The Cotton-Spinner
by Jane Lilley

As an amateur marine life enthusiast, I am continually frustrated by the lack of readily available information on the animals I see. When my 'popular' books fail me, I do not have access to experts, or to a specialist library where I can hunt through monographs and journals. It can be years before I come across the perfectly well-known answer to a simple question. The result is that I often have to work out the possible or probable answer for myself from observation and guesswork, and hope that eventually a reference or chance acquaintance will confirm it.

The Cotton-Spinner, a big sea cucumber properly called Holothuria forskali, provoked several such questions a while ago. One has now been answered; the answers to the others remain speculative.

I see Cotton-Spinners regularly when diving over rocky grounds in the south-west; they are said to be found occasionally at extreme low tide level. The adults are noticeable animals which resemble huge black warty sausages 20 cm (eight inches) or more long, slightly flattened underneath, with the back covered in small conical projections. The upper surface is black or dark brown, the underside dull orange or yellow; sometimes the yellow colour extends onto the back between the projections.

Tube Feet

Although they look very different, sea cucumbers are related to sea urchins and starfish, and like them have numerous extensile tube-feet which can be modified for various purposes. In Holothuria, those on the underside have suckers, and the animal walks and clings on with these; it can climb vertical rock, but is most often seen on ledges and near-horizontal surfaces where sediment collects. The conical papillae on the back seem to be modified tube-feet with a sensory function (my books are not entirely clear on this point). And around the mouth, highly specialised tube-feet form oral tentacles which are used for feeding.


Holothuria is an unselective deposit feeder, eating large quantities of silty sediment, digesting what is edible, and ejecting the rest as droppings which look like chains of tiny silt-coloured sausages. The mouth is at one end and the anus at the other; the oral tubercles are retracted into the mouth when the animal is not feeding, so the two ends usually look identical. The first time I noticed that many Cotton-Spinners had one end slightly flattened and widened underneath, as if it was pressed against the rock, I thought they must be feeding.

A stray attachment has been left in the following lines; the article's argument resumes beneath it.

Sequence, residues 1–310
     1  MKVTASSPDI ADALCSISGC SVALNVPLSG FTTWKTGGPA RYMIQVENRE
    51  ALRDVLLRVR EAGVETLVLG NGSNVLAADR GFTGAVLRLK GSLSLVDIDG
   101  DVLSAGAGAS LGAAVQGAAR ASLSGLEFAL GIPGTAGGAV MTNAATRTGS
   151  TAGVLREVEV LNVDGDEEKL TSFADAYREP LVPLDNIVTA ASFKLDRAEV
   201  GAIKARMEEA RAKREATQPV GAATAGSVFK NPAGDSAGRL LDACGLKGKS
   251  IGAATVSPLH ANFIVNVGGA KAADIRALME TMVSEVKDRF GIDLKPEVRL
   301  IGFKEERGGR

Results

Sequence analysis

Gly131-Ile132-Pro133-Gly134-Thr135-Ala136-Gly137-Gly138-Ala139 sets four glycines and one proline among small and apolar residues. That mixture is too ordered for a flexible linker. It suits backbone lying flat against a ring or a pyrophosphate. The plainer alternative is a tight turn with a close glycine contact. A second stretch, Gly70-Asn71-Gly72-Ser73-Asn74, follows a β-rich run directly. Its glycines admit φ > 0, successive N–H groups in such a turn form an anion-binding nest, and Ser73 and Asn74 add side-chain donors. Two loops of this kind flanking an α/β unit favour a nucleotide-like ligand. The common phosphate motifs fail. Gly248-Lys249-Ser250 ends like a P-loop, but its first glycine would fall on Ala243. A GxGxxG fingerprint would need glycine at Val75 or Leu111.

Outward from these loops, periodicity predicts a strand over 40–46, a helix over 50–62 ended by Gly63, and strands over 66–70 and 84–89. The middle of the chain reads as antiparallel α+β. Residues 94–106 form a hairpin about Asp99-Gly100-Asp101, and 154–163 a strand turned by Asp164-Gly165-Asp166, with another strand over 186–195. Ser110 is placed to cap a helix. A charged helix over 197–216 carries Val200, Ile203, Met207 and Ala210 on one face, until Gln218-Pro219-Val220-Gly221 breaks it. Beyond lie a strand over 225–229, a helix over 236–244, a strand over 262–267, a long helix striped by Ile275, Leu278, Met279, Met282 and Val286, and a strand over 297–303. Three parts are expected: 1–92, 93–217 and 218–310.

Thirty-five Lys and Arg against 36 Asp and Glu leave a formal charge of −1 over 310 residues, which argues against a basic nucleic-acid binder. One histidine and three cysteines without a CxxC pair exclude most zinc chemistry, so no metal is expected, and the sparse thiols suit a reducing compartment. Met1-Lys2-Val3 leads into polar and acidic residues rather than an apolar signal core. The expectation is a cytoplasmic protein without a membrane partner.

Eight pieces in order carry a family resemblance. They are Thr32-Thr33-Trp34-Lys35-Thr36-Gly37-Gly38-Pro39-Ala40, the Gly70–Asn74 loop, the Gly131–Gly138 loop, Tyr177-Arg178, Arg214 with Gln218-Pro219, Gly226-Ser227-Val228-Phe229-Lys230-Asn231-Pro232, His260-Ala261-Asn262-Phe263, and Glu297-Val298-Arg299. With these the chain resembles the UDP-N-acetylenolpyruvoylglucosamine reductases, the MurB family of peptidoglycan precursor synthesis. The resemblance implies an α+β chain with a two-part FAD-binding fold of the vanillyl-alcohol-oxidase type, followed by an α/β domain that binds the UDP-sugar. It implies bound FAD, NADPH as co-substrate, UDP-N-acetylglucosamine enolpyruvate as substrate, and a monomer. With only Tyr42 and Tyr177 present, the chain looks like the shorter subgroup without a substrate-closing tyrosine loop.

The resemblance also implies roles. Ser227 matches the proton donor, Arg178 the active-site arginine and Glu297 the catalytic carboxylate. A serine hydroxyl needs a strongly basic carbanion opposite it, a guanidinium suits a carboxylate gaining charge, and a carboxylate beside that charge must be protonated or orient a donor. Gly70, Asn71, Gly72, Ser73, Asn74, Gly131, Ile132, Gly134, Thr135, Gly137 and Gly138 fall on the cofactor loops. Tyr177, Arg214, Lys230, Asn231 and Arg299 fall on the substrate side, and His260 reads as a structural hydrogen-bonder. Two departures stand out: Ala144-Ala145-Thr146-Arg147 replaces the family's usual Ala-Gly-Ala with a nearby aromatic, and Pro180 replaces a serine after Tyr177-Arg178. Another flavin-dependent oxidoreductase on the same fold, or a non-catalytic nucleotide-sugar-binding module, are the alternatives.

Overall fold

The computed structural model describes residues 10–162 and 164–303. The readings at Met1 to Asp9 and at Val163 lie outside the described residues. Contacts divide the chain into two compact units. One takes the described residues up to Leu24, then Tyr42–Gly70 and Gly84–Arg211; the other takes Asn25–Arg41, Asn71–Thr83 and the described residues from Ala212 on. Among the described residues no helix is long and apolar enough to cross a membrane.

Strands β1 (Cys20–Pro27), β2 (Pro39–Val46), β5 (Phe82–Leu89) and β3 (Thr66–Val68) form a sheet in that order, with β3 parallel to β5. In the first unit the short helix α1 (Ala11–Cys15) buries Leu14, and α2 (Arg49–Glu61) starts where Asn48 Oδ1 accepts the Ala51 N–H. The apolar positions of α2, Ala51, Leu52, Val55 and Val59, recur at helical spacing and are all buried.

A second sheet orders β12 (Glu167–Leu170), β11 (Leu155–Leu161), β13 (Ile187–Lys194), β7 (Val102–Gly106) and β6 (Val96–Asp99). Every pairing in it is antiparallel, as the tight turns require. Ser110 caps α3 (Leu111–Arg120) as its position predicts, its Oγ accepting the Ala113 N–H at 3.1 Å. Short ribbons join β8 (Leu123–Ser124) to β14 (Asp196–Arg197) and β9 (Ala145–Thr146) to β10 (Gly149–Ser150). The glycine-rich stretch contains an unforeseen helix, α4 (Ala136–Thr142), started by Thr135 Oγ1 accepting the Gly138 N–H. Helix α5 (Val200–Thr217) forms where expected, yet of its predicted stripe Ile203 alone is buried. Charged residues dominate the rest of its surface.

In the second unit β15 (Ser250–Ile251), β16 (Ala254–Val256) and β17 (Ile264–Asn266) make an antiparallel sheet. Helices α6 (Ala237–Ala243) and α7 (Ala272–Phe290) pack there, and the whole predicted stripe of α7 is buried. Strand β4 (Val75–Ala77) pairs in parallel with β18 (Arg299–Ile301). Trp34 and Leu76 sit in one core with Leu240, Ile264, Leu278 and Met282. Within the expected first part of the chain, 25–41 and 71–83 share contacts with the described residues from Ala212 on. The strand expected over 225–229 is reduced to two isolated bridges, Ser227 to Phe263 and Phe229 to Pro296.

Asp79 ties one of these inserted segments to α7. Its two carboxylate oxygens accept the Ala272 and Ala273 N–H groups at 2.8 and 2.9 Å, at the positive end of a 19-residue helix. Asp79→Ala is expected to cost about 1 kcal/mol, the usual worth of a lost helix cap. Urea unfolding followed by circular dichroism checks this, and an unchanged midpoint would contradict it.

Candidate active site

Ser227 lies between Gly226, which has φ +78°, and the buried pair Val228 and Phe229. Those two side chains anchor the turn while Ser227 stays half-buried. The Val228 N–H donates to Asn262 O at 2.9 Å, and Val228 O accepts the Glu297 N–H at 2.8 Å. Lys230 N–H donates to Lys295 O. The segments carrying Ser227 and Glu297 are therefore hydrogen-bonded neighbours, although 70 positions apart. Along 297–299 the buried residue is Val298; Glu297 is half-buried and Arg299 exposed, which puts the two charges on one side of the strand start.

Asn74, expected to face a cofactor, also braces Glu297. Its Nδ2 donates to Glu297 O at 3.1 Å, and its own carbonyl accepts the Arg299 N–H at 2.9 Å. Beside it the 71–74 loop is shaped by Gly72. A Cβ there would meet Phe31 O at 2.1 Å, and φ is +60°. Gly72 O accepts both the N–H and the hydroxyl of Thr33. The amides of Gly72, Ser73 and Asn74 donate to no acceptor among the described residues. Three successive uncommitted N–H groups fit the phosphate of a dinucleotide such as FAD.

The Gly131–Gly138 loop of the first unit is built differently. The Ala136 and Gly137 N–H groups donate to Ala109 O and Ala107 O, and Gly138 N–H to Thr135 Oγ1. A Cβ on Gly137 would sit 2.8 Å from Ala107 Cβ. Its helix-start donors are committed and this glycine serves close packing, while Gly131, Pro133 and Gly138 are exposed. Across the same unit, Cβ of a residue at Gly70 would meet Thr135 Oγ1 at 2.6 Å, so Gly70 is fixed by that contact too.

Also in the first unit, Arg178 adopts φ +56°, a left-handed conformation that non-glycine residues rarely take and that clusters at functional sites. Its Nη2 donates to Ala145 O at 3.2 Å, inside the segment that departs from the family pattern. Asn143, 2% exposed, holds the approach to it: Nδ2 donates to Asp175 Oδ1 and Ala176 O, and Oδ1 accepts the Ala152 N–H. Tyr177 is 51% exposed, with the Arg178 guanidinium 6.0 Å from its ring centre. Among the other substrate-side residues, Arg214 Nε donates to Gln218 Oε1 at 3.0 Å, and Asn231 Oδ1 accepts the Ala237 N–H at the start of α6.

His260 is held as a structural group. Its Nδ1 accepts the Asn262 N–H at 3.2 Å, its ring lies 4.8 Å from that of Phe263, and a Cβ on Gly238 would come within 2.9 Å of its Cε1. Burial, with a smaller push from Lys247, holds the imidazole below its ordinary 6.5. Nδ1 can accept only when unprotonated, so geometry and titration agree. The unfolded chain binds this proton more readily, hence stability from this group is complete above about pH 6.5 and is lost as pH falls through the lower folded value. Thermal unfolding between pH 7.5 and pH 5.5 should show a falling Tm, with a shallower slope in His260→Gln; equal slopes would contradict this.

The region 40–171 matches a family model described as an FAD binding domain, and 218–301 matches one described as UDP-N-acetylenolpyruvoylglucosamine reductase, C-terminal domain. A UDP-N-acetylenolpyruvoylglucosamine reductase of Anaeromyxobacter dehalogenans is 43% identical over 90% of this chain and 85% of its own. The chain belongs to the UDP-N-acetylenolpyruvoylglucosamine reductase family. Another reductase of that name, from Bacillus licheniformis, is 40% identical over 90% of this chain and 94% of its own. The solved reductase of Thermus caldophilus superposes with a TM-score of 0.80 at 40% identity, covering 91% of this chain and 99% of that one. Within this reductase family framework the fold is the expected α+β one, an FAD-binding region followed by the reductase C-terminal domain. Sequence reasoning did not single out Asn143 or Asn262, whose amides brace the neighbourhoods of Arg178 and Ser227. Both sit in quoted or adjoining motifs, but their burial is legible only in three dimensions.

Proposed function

However when I looked it up, my books definitely stated that feeding was at night, and were agreed that the mouth was on the end of the body, not underneath. Furthermore, the short stubby oral tentacles are always illustrated projected forwards which seemed a curiously inefficient orientation for scooping sediment off the rock into the mouth.

What were the sea cucumbers doing if they were not feeding? I picked up several of those with flattened ends and turned them over. The centre of the splayed area was always contracting rapidly to a tiny puckered hole which could certainly have been the mouth, and although no tentacles were visible, they might have retracted in the second or two it took to detach the animal. There was certainly no trace of a mouth on the end of these animals.

After some months of puzzlement (I do not often get the chance to dive in the south-west) I watched an individual in which the tips of blunt dull-orange projections kept appearing and disappearing under the edge of the flattened 'head'. On the same dive I picked up another specimen which was gripping the rock very loosely with its tube-feet; I turned it over fast enough to see orange projections disappearing into the contracting mouth. They could only be the oral tentacles; despite what the books said, the animals were feeding.

Close Observations

I have since watched several specimens feeding actively, both while diving and in a public aquarium. When at rest, the mouth is at the end of the body, tightly closed, with the oral tentacles retracted and invisible. To feed, the front end of the body is curved downwards towards the substrate (usually rock with a thin layer of silt) and the mouth opens wide; the ring of papillae surrounding it just touch the rock and may be sensory, assessing the nutrient content of the sediment. The oral tentacles are short, branched and flattened, either yellow\orange or black, and move regularly in and out; they often remain within the ring of papillae, but can extend well beyond. Their undersides appear to be adhesive, for instead of shovelling sediment into the mouth, as books describe, they are lowered onto the substrate, then lifted again with some adhering sediment and retracted into the mouth.

Misleading Illustrations

It took a little longer to discover why my books were so misleading, but the answer appears to be very simple; most book illustrators and at least some authors have never seen a live Holothuria behaving normally. They are not very often kept in aquaria, and until recently it was usual for illustrators to draw preserved specimens. For many animals this works reasonably well, but a narcotised sea cucumber dies in a semi-relaxed position it does not normally adopt while alive.